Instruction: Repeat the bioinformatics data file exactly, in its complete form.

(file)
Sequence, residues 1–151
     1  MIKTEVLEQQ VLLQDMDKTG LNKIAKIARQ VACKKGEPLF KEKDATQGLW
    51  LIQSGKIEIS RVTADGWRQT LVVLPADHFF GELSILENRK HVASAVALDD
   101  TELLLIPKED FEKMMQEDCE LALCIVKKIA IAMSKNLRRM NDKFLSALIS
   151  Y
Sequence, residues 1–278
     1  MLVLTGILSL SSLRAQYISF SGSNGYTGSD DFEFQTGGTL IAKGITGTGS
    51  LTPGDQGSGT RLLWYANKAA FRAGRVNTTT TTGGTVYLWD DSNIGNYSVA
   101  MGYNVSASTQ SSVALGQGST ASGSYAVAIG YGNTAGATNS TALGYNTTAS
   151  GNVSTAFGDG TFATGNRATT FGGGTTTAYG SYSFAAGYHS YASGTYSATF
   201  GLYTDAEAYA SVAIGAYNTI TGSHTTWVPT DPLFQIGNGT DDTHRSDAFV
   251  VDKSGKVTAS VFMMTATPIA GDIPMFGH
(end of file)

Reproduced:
Sequence, residues 1–151
     1  MIKTEVLEQQ VLLQDMDKTG LNKIAKIARQ VACKKGEPLF KEKDATQGLW
    51  LIQSGKIEIS RVTADGWRQT LVVLPADHFF GELSILENRK HVASAVALDD
   101  TELLLIPKED FEKMMQEDCE LALCIVKKIA IAMSKNLRRM NDKFLSALIS
   151  Y
Sequence, residues 1–278
     1  MLVLTGILSL SSLRAQYISF SGSNGYTGSD DFEFQTGGTL IAKGITGTGS
    51  LTPGDQGSGT RLLWYANKAA FRAGRVNTTT TTGGTVYLWD DSNIGNYSVA
   101  MGYNVSASTQ SSVALGQGST ASGSYAVAIG YGNTAGATNS TALGYNTTAS
   151  GNVSTAFGDG TFATGNRATT FGGGTTTAYG SYSFAAGYHS YASGTYSATF
   201  GLYTDAEAYA SVAIGAYNTI TGSHTTWVPT DPLFQIGNGT DDTHRSDAFV
   251  VDKSGKVTAS VFMMTATPIA GDIPMFGH